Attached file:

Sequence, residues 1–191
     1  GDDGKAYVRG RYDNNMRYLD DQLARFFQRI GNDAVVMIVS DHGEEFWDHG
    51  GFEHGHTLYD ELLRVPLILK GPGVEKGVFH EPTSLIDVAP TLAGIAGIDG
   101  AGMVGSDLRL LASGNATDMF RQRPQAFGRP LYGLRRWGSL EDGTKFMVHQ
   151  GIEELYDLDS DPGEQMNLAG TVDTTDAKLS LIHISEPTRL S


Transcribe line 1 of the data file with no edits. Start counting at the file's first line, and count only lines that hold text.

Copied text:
Sequence, residues 1–191